Commitment to Anti-Racist Practices
The faculty leaders and staff of the Global Arts + Humanities stand in solidarity with protestors confronting anti-black violence and surveillance. We stand with protestors demanding the abolition of structural racism and state-sanctioned police brutality. We commit to supporting research and creative practices, experiential learning and community partnerships that address historical struggles for racial justice. This is a profound opportunity to take action in the academy and to form collaborations responsive to the needs and priorities of the most vulnerable among us. We commit to joining ongoing community-led efforts and initiating innovative encounters in teaching and research to advance social justice and wellbeing.
Cross-disciplinary dialogue and collaborative research can shed new light on structures of oppression and help us to better understand why certain voices, bodies and lives are perceived as deserving of rights and recognition and others are marginalized. To further our support for transformative justice and anti-racist education, this summer we are launching a new Difficult Subjects: K-12 Teaching Institute. The subject for this year’s institute is American slavery, which has taken on added urgency in recent weeks as the nation processes the legacy of slavery and systemic racism.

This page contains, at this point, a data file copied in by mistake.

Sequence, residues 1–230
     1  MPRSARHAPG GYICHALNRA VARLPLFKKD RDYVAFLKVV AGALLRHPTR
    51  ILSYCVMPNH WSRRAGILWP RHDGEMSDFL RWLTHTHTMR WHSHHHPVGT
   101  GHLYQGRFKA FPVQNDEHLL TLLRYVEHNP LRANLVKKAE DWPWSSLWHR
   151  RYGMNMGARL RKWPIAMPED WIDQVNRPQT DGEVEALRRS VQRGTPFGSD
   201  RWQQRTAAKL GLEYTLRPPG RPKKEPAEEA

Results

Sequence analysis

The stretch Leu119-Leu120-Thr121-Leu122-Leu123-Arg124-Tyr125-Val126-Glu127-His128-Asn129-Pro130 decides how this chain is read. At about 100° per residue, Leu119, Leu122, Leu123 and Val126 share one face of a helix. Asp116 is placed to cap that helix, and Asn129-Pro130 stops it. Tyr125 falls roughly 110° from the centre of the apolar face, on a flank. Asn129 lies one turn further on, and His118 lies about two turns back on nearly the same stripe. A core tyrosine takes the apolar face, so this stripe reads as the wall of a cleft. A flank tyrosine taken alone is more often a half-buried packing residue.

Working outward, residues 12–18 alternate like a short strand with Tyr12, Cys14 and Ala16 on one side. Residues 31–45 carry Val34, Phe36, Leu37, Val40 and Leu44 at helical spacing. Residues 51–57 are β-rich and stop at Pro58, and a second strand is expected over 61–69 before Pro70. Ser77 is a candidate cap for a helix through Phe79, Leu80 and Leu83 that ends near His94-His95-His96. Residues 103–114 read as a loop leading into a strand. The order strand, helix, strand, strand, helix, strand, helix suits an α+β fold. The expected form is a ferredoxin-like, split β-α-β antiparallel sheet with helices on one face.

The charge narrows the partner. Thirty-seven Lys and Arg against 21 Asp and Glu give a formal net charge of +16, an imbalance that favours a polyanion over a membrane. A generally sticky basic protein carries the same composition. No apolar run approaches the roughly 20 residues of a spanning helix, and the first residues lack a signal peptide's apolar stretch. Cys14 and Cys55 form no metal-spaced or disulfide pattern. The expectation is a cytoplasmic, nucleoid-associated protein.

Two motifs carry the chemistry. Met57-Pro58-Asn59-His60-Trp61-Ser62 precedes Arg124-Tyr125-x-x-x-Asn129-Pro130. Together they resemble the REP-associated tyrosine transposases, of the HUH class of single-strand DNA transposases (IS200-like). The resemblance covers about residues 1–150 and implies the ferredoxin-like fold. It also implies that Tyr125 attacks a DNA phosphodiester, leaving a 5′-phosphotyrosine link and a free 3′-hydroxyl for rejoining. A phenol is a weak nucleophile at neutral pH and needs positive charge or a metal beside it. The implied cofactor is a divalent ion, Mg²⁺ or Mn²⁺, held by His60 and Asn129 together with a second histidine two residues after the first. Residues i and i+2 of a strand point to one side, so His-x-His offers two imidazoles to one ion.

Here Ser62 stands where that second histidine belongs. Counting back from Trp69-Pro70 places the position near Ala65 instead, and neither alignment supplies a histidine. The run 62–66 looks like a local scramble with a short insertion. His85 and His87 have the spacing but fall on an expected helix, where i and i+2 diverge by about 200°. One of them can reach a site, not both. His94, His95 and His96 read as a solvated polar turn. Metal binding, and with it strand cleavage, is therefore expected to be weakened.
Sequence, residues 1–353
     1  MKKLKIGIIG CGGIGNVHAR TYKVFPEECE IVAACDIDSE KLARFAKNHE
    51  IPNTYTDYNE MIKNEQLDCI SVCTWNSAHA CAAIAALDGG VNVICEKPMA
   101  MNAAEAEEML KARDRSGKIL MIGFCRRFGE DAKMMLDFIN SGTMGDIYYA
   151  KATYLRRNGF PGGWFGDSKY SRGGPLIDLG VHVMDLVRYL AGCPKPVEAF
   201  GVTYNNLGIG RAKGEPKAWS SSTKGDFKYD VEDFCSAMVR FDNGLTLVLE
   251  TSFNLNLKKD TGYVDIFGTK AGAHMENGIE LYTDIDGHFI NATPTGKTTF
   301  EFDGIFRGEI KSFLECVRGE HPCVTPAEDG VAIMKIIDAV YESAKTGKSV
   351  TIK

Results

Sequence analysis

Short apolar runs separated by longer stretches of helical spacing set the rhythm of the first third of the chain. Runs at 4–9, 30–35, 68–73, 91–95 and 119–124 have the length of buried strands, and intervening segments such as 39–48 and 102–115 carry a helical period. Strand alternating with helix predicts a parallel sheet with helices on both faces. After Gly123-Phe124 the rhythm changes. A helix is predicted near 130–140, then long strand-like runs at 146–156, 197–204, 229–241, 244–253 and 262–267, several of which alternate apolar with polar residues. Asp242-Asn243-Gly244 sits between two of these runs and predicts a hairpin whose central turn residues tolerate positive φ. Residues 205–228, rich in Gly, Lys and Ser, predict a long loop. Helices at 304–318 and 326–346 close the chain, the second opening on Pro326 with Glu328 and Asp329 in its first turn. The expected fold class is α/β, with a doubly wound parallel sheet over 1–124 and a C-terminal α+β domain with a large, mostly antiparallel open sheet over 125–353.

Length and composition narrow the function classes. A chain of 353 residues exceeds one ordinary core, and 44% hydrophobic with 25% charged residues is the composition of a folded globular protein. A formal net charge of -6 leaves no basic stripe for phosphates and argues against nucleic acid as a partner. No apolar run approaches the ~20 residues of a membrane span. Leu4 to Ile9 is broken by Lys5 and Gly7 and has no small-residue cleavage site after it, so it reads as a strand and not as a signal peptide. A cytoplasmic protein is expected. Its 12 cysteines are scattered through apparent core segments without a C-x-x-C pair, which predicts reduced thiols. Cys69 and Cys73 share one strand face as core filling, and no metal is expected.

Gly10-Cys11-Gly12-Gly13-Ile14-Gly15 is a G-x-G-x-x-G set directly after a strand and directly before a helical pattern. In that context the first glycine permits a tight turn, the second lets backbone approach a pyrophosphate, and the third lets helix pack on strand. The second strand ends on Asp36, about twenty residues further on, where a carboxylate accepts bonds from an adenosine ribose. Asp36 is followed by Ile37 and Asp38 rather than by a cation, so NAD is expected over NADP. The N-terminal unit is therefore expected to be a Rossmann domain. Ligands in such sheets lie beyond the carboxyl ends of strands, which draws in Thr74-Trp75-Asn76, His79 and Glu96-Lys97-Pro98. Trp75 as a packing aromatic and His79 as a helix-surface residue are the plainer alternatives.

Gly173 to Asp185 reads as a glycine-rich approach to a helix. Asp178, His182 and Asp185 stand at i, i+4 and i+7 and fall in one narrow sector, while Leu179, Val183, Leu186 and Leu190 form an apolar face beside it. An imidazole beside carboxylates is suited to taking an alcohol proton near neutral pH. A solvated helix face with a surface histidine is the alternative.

In addition, recipients of our COVID-19 special grants are actively addressing the intersections between public health and the history of racial discrimination through collaborative projects that include
- A virtual performance that brings together diverse group of dance art makers at Ohio State and the University of Cape Town,
- A study of American and Chinese political discourses during COVID-19 and the impact on Ohio State study-abroad students in China and Chinese international students and scholars at Ohio State,
- And several qualitative studies that focus on the power of narrative to foster solidarity and community resilience, including a study of Latinas/os/x performed storytelling in Ohio during COVID-19, and a study of early-career medical professionals’ COVID-19 narrative accounts of human dignity and U.S. healthcare’s inequities.
Actions under development include a second round of research grants in Race, Ethnicity and Social Justice, and a special initiative to support youth artist-activists in Columbus.